In book II of Paradise Lost, Milton makes an elaborate simile comparing Satan’s flight in Hell to the voyage of a fleet of ships in the Indian Ocean:

Meanwhile the Adversary of God and Man,
Satan with thoughts inflamed of highest design,
Puts on swift wings, and toward the Gates of Hell
Explores his solitary flight; sometimes
He scours the right hand coast, sometimes the left,
Now shaves with level wing the Deep, then soars
Up to the fiery concave towering high.
As when far off at Sea a Fleet descried
Hangs in the Clouds, by Æquinoctial Winds
Close sailing from Bengala, or the Iles
Of Ternate and Tidore, whence Merchants bring
Their spicy Drugs: they on the trading Flood
Through the wide Ethiopian to the Cape
Ply stemming nightly toward the Pole. So seemed
Far off the flying Fiend

John Milton (1667). Paradise Lost, book II, lines 629–643. Spelling modernized.

How can a fleet of ships “hang in the clouds”?

1 Answer 1


Wordsworth thought that the phrase was a leap of pure imagination:

Here is the full strength of the imagination involved in the word, hangs, and exerted upon the whole image: First, the Fleet, an aggregate of many Ships, is represented as one mighty Person, whose track, we know and feel, is upon the waters; but, taking advantage of its appearance to the senses, the Poet dares to represent it as hanging in the clouds, both for the gratification of the mind in contemplating the image itself, and in reference to the motion and appearance of the sublime object to which it is compared.

William Wordsworth (1815). Poems, preface to volume I, pp. xxii–xxiii. London: Longman.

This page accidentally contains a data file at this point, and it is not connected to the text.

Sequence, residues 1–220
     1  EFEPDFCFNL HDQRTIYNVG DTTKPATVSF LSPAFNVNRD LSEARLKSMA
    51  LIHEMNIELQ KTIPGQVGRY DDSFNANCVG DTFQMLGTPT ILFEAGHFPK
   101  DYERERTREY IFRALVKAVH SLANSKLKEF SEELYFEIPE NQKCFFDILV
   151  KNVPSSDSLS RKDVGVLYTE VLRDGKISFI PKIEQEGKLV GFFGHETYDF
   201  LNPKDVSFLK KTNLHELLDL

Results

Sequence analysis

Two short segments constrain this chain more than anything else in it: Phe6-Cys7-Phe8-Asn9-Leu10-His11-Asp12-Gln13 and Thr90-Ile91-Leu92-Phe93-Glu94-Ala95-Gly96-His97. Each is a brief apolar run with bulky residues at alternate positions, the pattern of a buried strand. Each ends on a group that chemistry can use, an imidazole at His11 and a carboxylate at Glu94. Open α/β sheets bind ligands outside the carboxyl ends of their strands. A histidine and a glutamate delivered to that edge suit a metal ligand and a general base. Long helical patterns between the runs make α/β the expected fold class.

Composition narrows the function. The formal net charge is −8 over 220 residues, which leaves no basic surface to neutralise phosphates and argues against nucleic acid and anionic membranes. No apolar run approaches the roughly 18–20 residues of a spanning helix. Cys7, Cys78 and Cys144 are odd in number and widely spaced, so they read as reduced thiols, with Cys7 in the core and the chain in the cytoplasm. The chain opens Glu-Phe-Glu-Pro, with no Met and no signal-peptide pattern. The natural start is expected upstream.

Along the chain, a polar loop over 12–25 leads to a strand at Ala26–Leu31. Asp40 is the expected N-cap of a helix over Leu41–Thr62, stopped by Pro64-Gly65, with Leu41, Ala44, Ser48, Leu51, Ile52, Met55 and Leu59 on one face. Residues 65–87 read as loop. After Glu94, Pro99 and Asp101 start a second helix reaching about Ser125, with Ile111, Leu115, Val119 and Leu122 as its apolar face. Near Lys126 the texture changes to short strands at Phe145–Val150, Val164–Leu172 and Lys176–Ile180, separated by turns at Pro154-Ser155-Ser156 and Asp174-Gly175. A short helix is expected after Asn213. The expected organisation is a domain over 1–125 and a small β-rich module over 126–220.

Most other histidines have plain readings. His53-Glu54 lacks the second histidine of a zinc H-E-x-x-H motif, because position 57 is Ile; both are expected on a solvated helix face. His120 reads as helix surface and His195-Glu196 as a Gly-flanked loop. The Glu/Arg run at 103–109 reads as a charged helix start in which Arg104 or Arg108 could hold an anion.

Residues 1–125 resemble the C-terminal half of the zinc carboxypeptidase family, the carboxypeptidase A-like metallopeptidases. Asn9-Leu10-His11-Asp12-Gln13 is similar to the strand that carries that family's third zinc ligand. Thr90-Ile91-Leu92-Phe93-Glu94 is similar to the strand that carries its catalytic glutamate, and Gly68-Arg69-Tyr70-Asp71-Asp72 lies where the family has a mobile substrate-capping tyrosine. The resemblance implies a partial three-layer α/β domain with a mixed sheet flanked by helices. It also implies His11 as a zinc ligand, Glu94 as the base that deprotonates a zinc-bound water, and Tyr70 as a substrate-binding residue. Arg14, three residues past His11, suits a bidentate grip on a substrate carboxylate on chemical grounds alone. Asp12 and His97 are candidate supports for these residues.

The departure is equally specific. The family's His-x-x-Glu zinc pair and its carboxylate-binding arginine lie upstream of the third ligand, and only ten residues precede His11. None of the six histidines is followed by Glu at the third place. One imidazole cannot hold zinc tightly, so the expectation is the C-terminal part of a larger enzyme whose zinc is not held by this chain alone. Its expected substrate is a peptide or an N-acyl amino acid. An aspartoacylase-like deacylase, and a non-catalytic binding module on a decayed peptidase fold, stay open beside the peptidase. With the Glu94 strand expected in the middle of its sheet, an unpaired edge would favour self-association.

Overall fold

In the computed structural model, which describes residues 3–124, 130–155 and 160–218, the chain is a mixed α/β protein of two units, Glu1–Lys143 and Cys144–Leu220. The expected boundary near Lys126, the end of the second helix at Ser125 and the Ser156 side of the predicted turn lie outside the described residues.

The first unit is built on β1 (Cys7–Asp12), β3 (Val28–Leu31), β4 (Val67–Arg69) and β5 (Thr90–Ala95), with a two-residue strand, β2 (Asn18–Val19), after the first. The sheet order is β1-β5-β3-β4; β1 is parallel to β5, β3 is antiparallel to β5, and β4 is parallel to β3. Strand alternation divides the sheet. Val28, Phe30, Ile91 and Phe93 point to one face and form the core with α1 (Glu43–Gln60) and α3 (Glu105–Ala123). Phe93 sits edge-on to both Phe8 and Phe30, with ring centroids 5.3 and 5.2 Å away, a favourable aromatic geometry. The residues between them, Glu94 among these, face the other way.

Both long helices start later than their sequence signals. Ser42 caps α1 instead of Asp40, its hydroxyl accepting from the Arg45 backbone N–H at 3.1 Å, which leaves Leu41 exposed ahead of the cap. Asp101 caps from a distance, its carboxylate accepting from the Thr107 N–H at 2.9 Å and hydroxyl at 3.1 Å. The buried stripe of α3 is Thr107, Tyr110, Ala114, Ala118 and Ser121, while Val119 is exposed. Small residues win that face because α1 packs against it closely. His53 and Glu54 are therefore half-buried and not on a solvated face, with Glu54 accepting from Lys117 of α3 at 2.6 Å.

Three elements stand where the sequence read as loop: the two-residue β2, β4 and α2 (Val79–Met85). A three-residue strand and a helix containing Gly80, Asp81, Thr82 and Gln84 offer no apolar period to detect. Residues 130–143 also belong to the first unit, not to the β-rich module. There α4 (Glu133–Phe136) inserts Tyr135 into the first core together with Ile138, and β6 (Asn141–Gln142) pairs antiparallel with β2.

But to me Milton’s description suggests a Fata Morgana, a form of atmospheric distortion—a kind of superior mirage—that can form multiple images of objects close to the horizon. The images are stacked vertically and some may be inverted.

Occasionally, in the western extremity of the Mediterranean, where the sea narrows as it approaches the straits, lofty arches of clouds, extending from Spain to Africa, span the flood like the roof of a huge vault. Upon the surface of this roof, a traveller, returning from the East, beheld an extraordinary picture, painted by means identical, probably, with those which, in the neighbourhood of Scylla and Charybdis, give fleeting existence to the Fata Morgana, of which I shall presently speak. From the ship’s deck on which he stood, the traveller, looking westward, saw in the clouds a fleet in full sail, though with the hulls upward, and the masts and rigging pointing to the sea

Anon (1868). ‘Pictures in the Clouds’. In Chambers’s Journal, 26 December 1868, p. 821.

Wikipedia has various photos showing the phenomenon: in the one below, there are three distinct horizontal bands just above the horizon, giving the impression of a cloudy or misty background (but actually consisting of three images of the sea surface), against which three images of a boat can be seen, the middle image being inverted, thus appearing to “hang in the clouds” in the manner described by Milton.

‘Brocken Inaglory’ (2008). ‘Superior mirage of a small boat’. CC-BY-SA.

But could Milton have known about the ‘Fata Morgana’ phenomenon? As noted in ‘Pictures in the Clouds’, the phenomenon was particularly common in the Straits of Messina (“the neighbourhood of Scylla and Charybdis” as the writer puts it). Accordingly, a number of early writers on the phenomenon were Italian, most notably Ignatio Angelucci: